a.      A specific people – 1:2 – “Go to Nineveh” - God wanted Jonah to go and preach to the city of Nineveh. What was so unique or difficult about this? First of all, they were Gentiles. For Jonah to be sent to the Gentiles is a unique thing. In that day and age God was dealing with Israel as His chosen people. Secondly, think about Nineveh for a moment. Nineveh was the capital city of the Assyrian Empire. Its population nearly 750 thousand people, making it one of the largest settlements of the day (2x the size of Babylon). The Assyrians were a wicked people. They were known for using the military tactic of fear. They were notorious for their brutality and they made sure that their enemies knew how fierce they were. They had powerful bows, battering rams, and archers on horseback. They mutilated their prisoners, skinned people alive, piled skulls of the dead as a warning to others, decimated entire populations, and even bragged in stone about their atrocities. It is no wonder that Jonah fled the opposite direction. He probably feared for his life. On top of that, Jonah wanted to see Nineveh suffer for the evil that they had done, especially to his own people.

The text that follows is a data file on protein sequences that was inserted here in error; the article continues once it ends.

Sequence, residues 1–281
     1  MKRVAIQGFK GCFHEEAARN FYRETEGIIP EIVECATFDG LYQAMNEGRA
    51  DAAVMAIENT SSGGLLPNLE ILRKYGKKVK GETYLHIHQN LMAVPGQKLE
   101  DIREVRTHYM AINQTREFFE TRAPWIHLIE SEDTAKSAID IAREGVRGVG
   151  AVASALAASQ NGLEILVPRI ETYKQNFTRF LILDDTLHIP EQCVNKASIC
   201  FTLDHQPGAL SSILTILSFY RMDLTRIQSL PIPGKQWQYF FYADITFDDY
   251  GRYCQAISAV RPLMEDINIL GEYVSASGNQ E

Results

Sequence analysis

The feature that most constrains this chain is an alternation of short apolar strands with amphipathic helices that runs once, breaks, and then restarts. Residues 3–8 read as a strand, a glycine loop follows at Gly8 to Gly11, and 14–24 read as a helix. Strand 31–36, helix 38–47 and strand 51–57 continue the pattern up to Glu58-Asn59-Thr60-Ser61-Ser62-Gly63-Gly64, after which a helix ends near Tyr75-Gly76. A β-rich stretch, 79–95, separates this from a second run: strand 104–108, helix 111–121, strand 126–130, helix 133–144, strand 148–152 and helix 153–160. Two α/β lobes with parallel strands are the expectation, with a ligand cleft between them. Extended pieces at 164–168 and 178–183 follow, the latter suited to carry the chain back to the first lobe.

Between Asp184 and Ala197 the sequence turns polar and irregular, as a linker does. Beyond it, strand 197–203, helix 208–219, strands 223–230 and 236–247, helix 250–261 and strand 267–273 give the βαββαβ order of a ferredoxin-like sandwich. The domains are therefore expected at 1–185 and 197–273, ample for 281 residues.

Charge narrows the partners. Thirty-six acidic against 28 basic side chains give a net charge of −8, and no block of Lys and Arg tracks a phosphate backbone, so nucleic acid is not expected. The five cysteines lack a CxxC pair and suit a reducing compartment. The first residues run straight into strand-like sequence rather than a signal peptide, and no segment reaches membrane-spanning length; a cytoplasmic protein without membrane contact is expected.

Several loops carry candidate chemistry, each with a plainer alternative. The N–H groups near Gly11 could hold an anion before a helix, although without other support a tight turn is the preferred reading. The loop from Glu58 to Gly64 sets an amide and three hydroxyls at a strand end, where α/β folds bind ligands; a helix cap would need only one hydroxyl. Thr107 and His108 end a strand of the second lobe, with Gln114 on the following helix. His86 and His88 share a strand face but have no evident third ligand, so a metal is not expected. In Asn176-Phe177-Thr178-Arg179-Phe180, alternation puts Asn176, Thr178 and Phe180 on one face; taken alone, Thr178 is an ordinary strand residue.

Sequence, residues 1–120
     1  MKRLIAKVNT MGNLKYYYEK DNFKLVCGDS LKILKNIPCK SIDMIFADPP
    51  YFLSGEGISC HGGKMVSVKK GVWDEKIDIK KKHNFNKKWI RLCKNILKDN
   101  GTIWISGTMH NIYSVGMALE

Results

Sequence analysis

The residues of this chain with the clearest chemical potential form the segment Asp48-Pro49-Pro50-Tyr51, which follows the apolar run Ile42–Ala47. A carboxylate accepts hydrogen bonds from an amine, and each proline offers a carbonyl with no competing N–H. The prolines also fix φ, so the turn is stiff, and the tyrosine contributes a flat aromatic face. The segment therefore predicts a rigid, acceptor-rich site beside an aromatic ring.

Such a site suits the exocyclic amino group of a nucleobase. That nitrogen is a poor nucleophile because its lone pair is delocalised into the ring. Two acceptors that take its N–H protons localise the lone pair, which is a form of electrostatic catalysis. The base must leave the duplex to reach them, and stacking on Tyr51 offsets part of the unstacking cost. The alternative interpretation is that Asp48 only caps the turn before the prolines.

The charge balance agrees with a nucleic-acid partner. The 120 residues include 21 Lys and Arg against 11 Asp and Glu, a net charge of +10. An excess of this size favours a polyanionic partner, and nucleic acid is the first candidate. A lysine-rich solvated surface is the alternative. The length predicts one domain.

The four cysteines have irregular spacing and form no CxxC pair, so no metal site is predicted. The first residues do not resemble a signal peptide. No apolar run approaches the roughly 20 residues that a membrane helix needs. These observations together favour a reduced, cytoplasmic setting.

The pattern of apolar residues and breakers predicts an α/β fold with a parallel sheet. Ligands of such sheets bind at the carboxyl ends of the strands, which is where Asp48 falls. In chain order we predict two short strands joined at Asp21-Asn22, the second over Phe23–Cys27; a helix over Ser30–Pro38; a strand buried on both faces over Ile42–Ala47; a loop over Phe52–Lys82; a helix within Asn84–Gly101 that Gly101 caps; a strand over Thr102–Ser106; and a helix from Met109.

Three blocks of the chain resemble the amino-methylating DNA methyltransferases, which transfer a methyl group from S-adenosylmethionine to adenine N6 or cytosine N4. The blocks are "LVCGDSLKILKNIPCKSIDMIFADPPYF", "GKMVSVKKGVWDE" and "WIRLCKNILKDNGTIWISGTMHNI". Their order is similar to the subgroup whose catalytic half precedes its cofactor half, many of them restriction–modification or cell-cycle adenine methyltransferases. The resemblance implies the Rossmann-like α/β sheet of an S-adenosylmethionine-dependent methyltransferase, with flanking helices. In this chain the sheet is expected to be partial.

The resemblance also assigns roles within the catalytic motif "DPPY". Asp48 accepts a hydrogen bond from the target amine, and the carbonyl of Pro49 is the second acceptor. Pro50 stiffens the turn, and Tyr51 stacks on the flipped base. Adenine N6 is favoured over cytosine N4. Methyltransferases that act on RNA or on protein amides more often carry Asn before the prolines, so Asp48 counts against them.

b.      A specific purpose – 1:2 – “cry out against it; for their wickedness has come up before Me.” – The word of the Lord that came to Jonah was very specific. He was to proclaim to Nineveh that their wickedness had come up before God. It was time for God’s judgment. God, in His mercy, patiently endures sin. Romans 3:25 tells us that in His forbearance, He passed over the sins that were previously committed. Despite God’s forbearance, there is coming a day when all people will stand before Him to be judged. We need revival to come from the word of God in order to experience God’s mercy.